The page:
But totalitarian societies like Nazi Germany could not control the public solely through propaganda, and had to rely largely on violence. Their propaganda system was far more crude and smaller than one you would find in your average 21st century industrial democracy. In totalitarian societies orders come from the ruling party on what to say, but it is not as successful in getting people to believe it. In a country like America you have a large class of professionals devoted to upholding the lies and distortions, you have a huge public relations industry, think tanks, and academics, advertisers, and an intensive devotion to polling public opinion, which is useful for those in power who want to manipulate it. Controlling public opinion here makes up a large part of the economy and those that repeat the mantra are almost always completely sincere as opposed to larger degrees of insincerity under a totalitarian state.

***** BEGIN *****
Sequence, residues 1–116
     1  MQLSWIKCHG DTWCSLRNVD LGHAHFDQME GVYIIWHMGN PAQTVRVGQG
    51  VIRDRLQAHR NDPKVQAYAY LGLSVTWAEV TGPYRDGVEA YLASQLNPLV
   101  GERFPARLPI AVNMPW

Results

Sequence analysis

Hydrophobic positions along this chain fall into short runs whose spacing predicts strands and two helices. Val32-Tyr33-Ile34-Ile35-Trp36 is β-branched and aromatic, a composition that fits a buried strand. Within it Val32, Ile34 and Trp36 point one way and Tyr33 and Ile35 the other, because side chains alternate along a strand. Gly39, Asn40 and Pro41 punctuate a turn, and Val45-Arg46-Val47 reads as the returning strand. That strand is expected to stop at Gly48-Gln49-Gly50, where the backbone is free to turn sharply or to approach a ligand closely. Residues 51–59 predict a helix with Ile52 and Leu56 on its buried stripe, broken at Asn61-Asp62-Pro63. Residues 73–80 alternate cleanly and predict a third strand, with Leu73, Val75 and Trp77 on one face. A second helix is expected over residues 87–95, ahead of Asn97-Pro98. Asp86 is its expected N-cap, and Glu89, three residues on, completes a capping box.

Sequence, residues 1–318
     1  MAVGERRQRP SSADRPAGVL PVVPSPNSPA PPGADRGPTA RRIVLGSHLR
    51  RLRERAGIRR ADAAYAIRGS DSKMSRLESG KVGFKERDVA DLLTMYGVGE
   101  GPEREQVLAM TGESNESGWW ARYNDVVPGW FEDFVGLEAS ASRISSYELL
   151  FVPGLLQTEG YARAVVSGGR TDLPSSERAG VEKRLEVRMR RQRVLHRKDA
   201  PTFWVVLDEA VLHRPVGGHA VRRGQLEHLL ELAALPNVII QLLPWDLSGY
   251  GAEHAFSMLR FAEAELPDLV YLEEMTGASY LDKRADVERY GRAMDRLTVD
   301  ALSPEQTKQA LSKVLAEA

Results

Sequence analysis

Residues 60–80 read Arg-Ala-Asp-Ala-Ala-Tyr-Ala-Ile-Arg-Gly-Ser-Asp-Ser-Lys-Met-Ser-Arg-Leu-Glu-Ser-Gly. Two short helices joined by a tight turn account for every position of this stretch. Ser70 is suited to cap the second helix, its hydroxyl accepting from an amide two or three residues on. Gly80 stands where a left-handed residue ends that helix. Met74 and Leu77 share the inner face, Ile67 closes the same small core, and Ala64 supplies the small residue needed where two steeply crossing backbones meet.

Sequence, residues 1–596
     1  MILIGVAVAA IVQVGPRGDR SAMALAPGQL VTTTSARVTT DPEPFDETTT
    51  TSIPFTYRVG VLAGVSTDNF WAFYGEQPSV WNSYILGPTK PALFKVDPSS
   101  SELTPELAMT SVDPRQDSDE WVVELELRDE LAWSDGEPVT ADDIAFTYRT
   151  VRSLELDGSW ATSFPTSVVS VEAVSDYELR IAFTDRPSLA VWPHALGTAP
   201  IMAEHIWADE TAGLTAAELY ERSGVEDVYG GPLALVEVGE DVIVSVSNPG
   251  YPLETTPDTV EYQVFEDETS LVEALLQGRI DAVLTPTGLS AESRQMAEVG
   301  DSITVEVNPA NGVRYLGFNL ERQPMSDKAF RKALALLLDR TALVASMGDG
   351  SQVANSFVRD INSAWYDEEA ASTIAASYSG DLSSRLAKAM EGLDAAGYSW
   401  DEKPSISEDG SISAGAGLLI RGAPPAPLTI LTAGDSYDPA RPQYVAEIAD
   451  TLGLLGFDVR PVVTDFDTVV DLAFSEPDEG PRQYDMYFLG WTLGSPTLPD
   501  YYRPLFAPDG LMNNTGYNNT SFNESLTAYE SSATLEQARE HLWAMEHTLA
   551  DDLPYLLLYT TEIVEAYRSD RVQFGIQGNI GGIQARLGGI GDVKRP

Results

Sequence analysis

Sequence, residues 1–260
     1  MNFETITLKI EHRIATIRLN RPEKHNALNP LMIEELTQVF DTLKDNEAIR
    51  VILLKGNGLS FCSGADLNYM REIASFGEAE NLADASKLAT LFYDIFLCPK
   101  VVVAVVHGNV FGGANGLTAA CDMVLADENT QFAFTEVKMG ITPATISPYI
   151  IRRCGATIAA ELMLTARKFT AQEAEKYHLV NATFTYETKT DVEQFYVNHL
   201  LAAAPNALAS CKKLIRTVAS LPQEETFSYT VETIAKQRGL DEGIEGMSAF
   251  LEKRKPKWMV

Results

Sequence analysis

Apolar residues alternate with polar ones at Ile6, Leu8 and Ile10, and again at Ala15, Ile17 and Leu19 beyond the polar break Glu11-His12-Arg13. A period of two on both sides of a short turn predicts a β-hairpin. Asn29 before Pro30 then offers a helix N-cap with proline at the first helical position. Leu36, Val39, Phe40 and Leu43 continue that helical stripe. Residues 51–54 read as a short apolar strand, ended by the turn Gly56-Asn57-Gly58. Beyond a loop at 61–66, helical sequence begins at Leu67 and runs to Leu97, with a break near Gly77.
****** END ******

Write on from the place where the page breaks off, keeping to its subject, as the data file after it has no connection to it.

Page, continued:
For the rest of the parts of this series of writings on corporate propaganda I will discuss the basic functioning of the propaganda system, as well as give a number of examples of this ‘symbol manipulation’ that are relevant for today.
Douglas Renwick is a student at Victoria University. He can be contacted at firstname.lastname@example.org
 Alex Carey. Taking the Risk Out of Democracy – Corporate Propaganda Versus Freedom and Liberty, P 22
 Ibid, P 22
 The American Political Science Review Vol. 21, No. 3 (Aug., 1927), P 627-631
 Edward Bernays. Propaganda, P 1
 Ibid, P 25
 Alex Carey. Taking the risk out of democracy: corporate propaganda vs freedom and liberty, P 82
 Jason Stanley. Preface to How Propaganda Works